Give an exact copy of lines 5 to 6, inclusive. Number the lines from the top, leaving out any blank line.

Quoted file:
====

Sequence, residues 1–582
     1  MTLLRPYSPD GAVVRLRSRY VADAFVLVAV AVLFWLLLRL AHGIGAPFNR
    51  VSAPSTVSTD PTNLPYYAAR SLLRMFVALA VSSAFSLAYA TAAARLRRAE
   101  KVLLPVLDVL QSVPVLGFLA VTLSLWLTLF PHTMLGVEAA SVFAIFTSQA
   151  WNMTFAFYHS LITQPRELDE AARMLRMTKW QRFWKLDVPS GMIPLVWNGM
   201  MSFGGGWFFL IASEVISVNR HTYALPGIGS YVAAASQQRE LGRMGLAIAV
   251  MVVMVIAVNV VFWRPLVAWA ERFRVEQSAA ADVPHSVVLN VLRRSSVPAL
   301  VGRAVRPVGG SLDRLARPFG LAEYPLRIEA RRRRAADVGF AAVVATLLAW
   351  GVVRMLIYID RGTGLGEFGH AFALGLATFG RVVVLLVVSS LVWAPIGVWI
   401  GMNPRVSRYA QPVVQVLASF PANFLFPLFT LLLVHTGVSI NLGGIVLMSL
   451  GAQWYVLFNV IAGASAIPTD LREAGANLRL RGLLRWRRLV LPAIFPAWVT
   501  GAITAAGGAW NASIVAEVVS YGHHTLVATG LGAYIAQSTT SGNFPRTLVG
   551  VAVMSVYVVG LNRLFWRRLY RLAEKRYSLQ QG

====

   151  WNMTFAFYHS LITQPRELDE AARMLRMTKW QRFWKLDVPS GMIPLVWNGM
   201  MSFGGGWFFL IASEVISVNR HTYALPGIGS YVAAASQQRE LGRMGLAIAV